Friday, May 13, 2011

Oil and death

Starting with an Iraqi correspondent for McClatchy Newspapers blogging at Inside Iraq in "Facing Death:"
I don't know how to start this blog. I am still under the effect of the shock that happened to me only less than an hour ago. I was about to lose my life and my lovely son because of being at the wrong place at the wrong time. 
    I used to bring sweets to my family every Thursday from a close bakery on the main street. Today I did the same thing but I went only about half an hour ago. My son Haider insisted to join me so I took him. In my way back home and Just less than ten steps from the sweets bakery, I hear sound of shooting and I thought that some kids are playing with fireworks. I was shocked to know the issue is bigger than my simple mind. I saw by my own eyes two young boys covering their faces with black scarves holding two pistols and shooting a broker inside his office in a very cool blood and walked away.
And some keep telling you how peaceful Iraq is and how the violence is over.  As big a lie as the claim that the Iraq War was legal or that it had nothing to do with oil.  From yesterday's snapshot:
** Moving over to England where new revelations emerged from the Iraq Inquiry.  The John Chilcot led inquiry hasn't heard testimony in months but they've released evidence that is in leading the news cycle in England.  Richard Norton-Taylor (Guardian) calls the release "devestating" and explains, "A top military intelligence official has said the discredited dossier on Iraq's weapons programme was drawn up "to make the case for war", flatly contradicting persistent claims to the contrary by the Blair government, and in particular by Alastair Campbell, the former prime minister's chief spin doctor.  In hitherto secret evidence to the Chilcot inquiry, Major General Michael Laurie said: 'We knew at the time that the purpose of the dossier was precisely to make a case for war, rather than setting out the available intelligence, and that to make the best out of sparse and inconclusive intelligence the wording was developed with care'."  In his [PDF format warning] evidence released today, Laurie wrote:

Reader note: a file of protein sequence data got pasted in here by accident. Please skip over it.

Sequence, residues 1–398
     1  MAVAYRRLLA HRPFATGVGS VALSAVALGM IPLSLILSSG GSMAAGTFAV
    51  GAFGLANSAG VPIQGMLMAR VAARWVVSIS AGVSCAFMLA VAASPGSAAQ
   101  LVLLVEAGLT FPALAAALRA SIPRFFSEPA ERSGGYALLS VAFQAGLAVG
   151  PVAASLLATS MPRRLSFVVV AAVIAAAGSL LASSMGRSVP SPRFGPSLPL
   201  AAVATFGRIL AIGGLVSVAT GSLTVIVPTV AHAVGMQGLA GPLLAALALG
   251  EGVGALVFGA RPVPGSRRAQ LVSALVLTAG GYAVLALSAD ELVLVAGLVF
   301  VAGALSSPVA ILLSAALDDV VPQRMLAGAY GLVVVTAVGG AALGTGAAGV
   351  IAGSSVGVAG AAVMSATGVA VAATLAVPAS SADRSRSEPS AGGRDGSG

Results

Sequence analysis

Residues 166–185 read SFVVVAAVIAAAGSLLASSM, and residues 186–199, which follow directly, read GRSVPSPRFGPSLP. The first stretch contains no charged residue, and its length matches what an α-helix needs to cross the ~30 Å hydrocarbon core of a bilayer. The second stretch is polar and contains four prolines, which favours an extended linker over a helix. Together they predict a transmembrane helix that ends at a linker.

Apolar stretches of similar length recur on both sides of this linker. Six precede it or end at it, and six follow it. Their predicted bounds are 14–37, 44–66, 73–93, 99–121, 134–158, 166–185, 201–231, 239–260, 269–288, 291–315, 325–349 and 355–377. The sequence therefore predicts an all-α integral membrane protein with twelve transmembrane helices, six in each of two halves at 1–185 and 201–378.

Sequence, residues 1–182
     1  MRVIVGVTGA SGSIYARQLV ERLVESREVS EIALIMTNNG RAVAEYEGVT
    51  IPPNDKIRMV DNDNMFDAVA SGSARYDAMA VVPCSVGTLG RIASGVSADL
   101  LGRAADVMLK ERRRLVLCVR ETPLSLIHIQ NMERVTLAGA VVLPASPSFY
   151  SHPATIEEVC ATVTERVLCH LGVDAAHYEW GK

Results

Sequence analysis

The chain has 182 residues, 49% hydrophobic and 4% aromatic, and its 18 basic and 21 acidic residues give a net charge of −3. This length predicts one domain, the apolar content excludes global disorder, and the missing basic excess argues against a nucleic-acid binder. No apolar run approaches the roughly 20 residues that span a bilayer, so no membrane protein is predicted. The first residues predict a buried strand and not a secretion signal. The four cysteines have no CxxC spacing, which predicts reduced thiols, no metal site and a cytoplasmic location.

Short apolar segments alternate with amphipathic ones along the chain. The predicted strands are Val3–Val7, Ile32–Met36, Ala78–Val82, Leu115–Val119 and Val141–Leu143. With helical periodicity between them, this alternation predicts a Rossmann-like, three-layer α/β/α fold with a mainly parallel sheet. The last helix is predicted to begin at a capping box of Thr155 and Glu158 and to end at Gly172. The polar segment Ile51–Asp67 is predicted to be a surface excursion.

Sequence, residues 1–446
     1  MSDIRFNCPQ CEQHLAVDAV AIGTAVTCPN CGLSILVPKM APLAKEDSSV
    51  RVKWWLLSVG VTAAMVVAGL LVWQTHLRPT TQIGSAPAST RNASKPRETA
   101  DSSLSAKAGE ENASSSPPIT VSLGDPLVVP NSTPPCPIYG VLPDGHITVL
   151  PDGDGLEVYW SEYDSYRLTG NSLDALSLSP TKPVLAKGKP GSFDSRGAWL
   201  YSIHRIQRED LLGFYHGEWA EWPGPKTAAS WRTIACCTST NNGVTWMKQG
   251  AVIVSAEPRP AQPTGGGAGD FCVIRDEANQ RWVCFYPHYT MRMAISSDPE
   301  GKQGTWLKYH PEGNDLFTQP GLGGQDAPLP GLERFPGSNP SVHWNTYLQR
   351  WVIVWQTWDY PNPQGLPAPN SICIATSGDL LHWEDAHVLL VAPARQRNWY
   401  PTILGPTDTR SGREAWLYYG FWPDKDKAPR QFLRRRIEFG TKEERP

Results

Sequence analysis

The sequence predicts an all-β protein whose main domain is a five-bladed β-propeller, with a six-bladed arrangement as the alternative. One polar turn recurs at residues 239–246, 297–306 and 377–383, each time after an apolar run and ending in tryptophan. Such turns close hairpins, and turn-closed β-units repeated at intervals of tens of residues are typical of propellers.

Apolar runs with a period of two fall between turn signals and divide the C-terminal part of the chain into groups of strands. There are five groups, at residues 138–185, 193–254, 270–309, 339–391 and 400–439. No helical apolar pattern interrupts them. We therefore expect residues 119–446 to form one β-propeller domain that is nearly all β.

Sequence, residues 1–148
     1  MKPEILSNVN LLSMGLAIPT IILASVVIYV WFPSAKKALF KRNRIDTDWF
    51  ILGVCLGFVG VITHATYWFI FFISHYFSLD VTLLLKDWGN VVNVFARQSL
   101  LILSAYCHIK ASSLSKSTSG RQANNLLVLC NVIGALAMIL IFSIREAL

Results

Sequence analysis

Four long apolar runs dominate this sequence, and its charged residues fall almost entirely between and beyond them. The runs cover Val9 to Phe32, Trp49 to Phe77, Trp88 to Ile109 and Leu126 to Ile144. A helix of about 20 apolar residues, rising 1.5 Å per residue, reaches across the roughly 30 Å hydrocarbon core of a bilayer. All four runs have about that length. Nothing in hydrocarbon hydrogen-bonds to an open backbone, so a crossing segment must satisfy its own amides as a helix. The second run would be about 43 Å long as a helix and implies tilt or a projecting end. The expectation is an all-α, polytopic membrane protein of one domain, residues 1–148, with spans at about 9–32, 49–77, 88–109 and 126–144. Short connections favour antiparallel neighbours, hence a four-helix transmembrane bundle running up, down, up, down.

Alistair Campbell said to the Inquiry that the purpose of the Dossier was not "to make a case for war". I had no doubt at that time this was exactly its purpose and these very words were used.  The previous paper, drafted in February and March, known to us then also as the Dossier, was rejected because it did not make a strong enough case.  From then until September we were under pressure to find intelligence that could reinforce the case.  [Redacted passage.]  I recall Joe French frequently enquiring whether we were missing something; he was under pressure. We could find no evidence of planes, missiles or equipment that related to WMD, generally concluding that they must have been dismantled, buried or taken abroad.  There has probably never  been a greater detailed scrutiny of every piece of ground in any country. 
During the drafting of the final Dossier, every fact was managed to make it as strong as possible, the final statements reaching beyond the conclusions intelligence assessments would normally draw from such facts.  It was clear to me that there was direction and pressure being applied on the JIC and its drafters.